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Samizdata, derived from Samizdat /n. - a system of clandestine publication of banned literature in the USSR [Russ.,= self-publishing house]

So what is a libertarian?

Part 1 in a series of thoughts on the nature of liberty and libertarians.

I have often pondered what principles are shared by all real libertarians, and have periodically tried to produce a set of ‘distilled axioms’ that we all share. This has always proved harder than one might think. Minarchism, Objectivism, Anarcho-Capitalism, Agorism, Dynamism, capital ‘L’ Political Party Libertarianism, Hoppeism, cultural conservative libertarianism, classical liberalism, Whigs, etc. etc. all more or less fall within the nebulous taxonomy of ‘libertarians’ whilst at the same time often vilifying each other’s ‘-isms’.

I eventually came to the conclusion that it was not the ‘non-initiation of force principle’ which is frequently offered up as the core axiom that characterises us all (I regard that as emergent default behaviour, which is to say a consequence, not an underlying axiom). What I offer up is:

You are not a libertarian unless you accept as axiomatic that, at its core, society must allow individuals to make their own choices in the pursuit of self-defined ends.

Now the reason I think this is the case is that whilst we objectively derive our rights as individuals, we nevertheless exist within a social setting. We are not isolated atomic entities living in fortified towers, we are social individuals. Misrepresenting this self-evident fact results in people thinking that ‘libertarians’ are in fact nihilists and therefore treating libertarian theories on ‘anarchy’ (the rule of no-one) as synonym for ‘disorder’. Now part of the reason for this is that libertarian revulsion for the statist force based collective in all its modern forms (socialism, the overt end of the collectivist continuum… and statist conservatism, the covert end of the continuum), makes them condemn any function of the modern state because that what is being done is currently being carried out by the state, rather than because the function is inherently antithetical to liberty: the military immediately springs to mind.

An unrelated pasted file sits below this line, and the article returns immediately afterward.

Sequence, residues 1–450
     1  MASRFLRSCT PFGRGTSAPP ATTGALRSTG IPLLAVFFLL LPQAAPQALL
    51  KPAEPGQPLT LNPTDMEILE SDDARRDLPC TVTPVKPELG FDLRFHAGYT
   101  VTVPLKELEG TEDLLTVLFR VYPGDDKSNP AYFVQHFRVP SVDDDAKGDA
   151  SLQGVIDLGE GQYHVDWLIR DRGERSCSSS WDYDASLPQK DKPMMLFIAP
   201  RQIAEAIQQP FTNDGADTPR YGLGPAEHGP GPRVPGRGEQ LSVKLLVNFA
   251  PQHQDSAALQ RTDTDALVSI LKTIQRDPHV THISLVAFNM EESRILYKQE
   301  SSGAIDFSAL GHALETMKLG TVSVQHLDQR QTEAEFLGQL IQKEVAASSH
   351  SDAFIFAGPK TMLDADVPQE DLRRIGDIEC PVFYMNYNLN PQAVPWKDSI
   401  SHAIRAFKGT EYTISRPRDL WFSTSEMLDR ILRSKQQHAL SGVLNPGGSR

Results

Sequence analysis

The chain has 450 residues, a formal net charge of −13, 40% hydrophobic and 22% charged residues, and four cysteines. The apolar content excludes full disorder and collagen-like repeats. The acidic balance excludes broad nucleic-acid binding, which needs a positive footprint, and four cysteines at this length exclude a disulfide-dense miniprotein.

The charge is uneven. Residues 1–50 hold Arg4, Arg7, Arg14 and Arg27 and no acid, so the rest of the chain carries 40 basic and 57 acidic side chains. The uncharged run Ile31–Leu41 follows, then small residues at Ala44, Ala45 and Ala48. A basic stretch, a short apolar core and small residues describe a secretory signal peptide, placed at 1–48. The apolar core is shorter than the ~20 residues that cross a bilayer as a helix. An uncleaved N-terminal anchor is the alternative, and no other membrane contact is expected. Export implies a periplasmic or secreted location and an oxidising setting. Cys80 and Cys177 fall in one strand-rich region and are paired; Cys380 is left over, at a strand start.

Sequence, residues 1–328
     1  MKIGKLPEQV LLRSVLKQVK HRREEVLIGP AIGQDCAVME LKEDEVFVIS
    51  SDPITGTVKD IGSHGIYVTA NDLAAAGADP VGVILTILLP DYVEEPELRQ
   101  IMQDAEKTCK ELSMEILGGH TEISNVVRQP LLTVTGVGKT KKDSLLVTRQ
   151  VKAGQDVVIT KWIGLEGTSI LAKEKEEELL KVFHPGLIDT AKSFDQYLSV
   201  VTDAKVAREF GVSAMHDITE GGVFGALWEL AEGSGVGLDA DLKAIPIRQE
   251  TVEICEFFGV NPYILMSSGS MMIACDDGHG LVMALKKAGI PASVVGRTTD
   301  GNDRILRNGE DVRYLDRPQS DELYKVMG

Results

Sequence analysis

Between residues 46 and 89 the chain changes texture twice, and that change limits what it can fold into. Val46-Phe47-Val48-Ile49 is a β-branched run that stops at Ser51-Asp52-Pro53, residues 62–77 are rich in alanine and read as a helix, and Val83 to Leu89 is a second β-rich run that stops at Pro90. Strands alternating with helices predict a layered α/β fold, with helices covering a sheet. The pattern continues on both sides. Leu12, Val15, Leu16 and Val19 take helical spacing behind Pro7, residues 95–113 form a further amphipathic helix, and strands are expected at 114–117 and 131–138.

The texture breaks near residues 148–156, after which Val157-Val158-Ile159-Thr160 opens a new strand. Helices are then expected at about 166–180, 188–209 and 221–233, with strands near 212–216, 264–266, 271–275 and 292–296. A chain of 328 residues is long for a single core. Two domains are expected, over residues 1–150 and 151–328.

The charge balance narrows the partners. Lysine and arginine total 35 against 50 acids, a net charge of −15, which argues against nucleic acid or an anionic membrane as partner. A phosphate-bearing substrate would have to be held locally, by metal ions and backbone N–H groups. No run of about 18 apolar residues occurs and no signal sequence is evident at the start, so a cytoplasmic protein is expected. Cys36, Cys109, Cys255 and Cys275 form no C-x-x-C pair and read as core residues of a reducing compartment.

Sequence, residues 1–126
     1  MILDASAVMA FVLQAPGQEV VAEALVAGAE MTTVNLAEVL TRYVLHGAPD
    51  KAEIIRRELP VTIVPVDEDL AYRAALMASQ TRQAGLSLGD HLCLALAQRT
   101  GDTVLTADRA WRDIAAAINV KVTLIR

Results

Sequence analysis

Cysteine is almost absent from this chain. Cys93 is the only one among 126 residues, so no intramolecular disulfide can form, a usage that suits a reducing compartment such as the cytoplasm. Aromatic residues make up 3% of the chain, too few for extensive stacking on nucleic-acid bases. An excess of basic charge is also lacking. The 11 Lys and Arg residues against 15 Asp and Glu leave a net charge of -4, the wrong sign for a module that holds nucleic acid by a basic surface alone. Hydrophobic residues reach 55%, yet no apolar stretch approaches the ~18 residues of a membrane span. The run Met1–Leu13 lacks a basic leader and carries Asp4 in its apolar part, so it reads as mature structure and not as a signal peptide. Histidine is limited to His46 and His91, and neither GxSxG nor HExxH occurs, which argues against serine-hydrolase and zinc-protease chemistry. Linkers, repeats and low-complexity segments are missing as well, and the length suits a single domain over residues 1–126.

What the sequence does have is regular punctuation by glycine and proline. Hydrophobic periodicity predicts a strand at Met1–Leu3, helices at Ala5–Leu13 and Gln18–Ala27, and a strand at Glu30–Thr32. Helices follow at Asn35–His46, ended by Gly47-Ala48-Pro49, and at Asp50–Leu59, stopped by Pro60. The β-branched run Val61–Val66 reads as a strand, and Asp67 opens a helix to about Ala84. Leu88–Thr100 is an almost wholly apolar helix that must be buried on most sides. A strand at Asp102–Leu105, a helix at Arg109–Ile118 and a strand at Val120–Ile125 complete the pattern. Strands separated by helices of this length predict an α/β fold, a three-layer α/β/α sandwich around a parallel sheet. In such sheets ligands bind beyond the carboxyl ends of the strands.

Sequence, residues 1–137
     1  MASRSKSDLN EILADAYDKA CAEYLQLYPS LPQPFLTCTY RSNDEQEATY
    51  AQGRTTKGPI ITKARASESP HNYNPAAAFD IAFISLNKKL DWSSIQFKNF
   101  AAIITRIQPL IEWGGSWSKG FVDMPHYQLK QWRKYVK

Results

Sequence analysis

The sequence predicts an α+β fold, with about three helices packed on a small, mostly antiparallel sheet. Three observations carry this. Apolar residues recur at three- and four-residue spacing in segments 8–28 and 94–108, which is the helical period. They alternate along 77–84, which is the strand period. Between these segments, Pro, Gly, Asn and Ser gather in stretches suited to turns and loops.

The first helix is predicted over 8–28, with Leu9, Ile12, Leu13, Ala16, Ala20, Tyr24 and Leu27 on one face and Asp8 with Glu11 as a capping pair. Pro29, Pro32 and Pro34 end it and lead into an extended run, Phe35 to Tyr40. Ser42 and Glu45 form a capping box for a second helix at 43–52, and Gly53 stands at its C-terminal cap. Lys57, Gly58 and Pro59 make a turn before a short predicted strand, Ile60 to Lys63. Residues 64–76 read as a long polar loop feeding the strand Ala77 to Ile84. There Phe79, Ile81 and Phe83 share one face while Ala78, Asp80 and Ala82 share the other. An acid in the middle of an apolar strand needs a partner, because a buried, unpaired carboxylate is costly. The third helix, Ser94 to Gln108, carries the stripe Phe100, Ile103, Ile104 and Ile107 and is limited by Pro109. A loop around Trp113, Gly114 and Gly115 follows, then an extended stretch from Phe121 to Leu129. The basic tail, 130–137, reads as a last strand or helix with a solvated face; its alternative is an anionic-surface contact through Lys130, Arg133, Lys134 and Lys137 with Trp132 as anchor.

This has blinded many to the fact collectivist and collective are not the same thing at all. We can come together to create wealth (for example, getting a job and working for someone else) or band together to deal with an emergency when one or all of the Four Horsemen of the Apocalypse come calling, i.e. act collectively without without becoming collectivists, because a collectivist does not accept that you, an individual, actually owns anything… and so how can you voluntarily elect for collective action what is not yours to loan or dispose of. To them is was never your land, your capital, your labour to begin with because several property does not exist.

And therein also lies the difference between the covert form of collectivism, statist conservativism, and actual libertarians. A conservative will accept the concept of several property, but only sort of. This also has misleading echoes of the difference between the libertarian propertarian/anarcho-capitalist view of absolute personal sovereignty over several property and the libertarian minarchist views to which folks like me subscribe to, which sees property rights as contextual: within the context of a forest fire or war, your property rights are subordinated to the reality of non-civil society, without being alienated once civil society is restored. Conservatives on the other hand will sing paeans to private property whilst supporting compulsory purchase (US: eminent domain) for ‘important’ yet non-emergency reasons, such as roads, parks, urban redevelopments or whatever seems ‘sensible’ for the ‘common good’. Yes, you can own property but not if Donald Trump really wants to build on it.

Statist conservatives generally see societies as having separate ‘rights’ too, as it they were somehow more than shorthand for an aggregated expression of individual decisions, blurring the boundary between society and state in the process and masking the reality that they really agree with the socialists that the collective trumps the individual when push comes to shove. Socialists take that a giant step further, seeing state and society as one just as Jean-Jacques Rousseau always argued, the individual as no more independent from the society-as-state than a blood cell from a human body. So a libertarian is someone who thinks rights are something only individuals have but opinions vary greatly how we actually interact socially within the context of our objectively (or naturally or divinely or even subjectively…pick one depending on your -ism) derived rights.

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